The Westing Game

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The Westing Game
Westing cover.jpg
First edition
AuthorEllen Raskin
CountryUnited States
LanguageEnglish
SeriesNA
GenreMystery
PublisherE. P. Dutton
Publication date
1978
Pages182 or 217 pages
ISBNISBN 0-525-47137-5
ISBN 0-14-240120-X
ISBN 0-14-038664-5
OCLC53292898
LC ClassPZ7.R1817 We 2003
 
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The Westing Game
Westing cover.jpg
First edition
AuthorEllen Raskin
CountryUnited States
LanguageEnglish
SeriesNA
GenreMystery
PublisherE. P. Dutton
Publication date
1978
Pages182 or 217 pages
ISBNISBN 0-525-47137-5
ISBN 0-14-240120-X
ISBN 0-14-038664-5
OCLC53292898
LC ClassPZ7.R1817 We 2003

The Westing Game is a 1979 Newbery Medal winning novel by Ellen Raskin.[1] It has been adapted into a movie, released under both the names The Westing Game and Get a Clue. This book centers around the adventures of Sam Westing's sixteen heirs after they are challenged by him to unravel the secret behind his death.

Plot[edit]

Sixteen heirs who are mysteriously chosen to live in the Sunset Towers apartment building on the shore of Lake Michigan which has 5 floors, somewhere in Milwaukee, come together to hear the will of the self-made millionaire, Samuel W. Westing. The will takes the form of a puzzle, dividing the sixteen heirs into eight pairs, giving each pair a different set of clues which consist of almost all of the lyrics from "America the Beautiful", and challenging them to solve the mystery of who murdered Sam Westing. As an incentive, each heir is given $10,000 to play the game. Whoever solves the mystery will inherit Sam Westing's $200,000,000 fortune, and his company, Westing Paper Products.

Heirs[edit]

Solution[edit]

Each of the characters were arranged with partners with different sets of clues.The clues provided to the heirs are mostly words from the song "America the Beautiful", taken out of order. When rearranged, it becomes clear that several words or parts of words are missing; these spell out one of the heir's name Berthe Erica Crow. Crow names herself as the solution. However, this is not the 'true' solution of the game. Judge J. J. Ford later recognizes this move as the "queen's sacrifice", a move that Sam Westing would always use to defeat her in chess. The will does not state that Samuel Westing was murdered but rather that his "life was taken." The will is broken down in sections of FIRST, SECOND, etc., totaling twelve, and in the THIRD stated that "the one who wins the windfall will be the one who finds the..." and is interrupted by an outburst from Sam Westing, disguised as Sandy McSouthers, before continuing "FOURTH. Hail to thee..." Turtle realizes that there was no missing word after and that finding "the Fourth" was to find four identities of Sam Westing - Sam Westing, Sandy McSouthers, Barney Northrup, and Julian Eastman. His true name was Samuel "Windy" Windkloppel, changing it because "after all, who would buy a product called Windkloppel's Paper Products? Would you?" Although he hadn't counted on anyone winning, he had hoped that Turtle would be able to solve the riddle by the end to claim the prize. Turtle did solve the Westing game and visited Julian Eastman for many years after.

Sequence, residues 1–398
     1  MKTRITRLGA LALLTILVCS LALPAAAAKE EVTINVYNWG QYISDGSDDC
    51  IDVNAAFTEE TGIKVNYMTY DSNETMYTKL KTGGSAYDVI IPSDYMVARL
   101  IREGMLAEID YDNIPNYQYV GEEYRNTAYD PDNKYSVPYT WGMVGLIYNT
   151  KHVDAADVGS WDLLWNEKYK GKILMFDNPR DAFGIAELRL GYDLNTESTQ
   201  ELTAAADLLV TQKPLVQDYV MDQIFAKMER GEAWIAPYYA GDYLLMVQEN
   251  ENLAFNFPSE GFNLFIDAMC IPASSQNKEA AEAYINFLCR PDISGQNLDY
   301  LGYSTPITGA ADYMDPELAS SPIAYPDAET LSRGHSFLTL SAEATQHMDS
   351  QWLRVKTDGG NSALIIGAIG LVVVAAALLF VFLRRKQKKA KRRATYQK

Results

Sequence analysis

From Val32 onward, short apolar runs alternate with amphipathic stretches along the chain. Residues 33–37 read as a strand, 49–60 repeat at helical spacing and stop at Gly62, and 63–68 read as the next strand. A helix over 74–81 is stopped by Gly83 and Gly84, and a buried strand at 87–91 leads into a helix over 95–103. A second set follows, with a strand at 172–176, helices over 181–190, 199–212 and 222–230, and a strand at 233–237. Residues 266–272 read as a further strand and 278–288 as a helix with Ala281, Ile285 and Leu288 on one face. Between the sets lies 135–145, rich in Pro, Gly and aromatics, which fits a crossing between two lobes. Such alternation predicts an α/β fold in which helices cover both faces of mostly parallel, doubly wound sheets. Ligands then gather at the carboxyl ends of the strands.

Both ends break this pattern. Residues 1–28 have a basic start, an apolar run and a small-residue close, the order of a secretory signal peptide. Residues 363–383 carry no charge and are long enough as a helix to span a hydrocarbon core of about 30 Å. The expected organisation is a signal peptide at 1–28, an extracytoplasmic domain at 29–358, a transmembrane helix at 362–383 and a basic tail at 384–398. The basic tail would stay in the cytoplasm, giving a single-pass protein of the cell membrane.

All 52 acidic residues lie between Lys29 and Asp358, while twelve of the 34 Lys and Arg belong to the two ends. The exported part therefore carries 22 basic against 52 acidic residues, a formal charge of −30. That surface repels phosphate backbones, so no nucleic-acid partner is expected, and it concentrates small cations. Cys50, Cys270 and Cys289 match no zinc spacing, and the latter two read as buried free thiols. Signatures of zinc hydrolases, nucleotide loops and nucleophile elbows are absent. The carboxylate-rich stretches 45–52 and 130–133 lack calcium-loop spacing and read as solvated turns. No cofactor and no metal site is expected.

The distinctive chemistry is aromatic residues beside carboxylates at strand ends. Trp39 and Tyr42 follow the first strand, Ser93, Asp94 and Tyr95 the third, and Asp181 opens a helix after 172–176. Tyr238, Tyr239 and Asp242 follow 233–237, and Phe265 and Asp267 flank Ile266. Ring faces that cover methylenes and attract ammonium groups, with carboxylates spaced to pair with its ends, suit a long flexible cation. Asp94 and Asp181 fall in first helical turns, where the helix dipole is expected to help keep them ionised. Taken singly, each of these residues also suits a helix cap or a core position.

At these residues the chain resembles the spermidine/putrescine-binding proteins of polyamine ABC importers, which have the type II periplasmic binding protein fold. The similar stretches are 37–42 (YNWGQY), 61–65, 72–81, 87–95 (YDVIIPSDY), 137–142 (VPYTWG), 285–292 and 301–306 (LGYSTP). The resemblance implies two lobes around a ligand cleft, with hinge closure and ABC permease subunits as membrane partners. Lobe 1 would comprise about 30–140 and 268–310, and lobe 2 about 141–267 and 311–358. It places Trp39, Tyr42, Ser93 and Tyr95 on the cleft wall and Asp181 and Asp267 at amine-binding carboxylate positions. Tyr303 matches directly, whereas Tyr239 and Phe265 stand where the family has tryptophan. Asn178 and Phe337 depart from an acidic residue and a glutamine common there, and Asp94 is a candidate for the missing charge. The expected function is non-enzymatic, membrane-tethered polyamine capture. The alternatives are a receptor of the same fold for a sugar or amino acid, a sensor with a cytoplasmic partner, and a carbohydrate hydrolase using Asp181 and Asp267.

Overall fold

Aftermath[edit]

The epilogue of the story is told in the book's last three chapters, which depict the heirs growing older and successful, many of them changing their lives as a result of the game.

References[edit]

  1. ^ "Newbery Medal & Honor Books, 1922-Present". Association for Library Service to Children. Retrieved 11 January 2011. 

Other media[edit]

The Westing Game, adapted by Darian Lindle and directed by Terry Brino-Dean, was first produced at Prime Stage Theatre in Pittsburgh in 2009. The script is published by Dramatic Publishing.

Get A Clue, adapted by Dylan Kelsey Hadley and directed by Terence H. Winkless was produced for television in 1997.

External links[edit]

Awards
Preceded by
Bridge to Terabithia
Newbery Medal recipient
1979
Succeeded by
A Gathering of Days: A New England Girl's Journal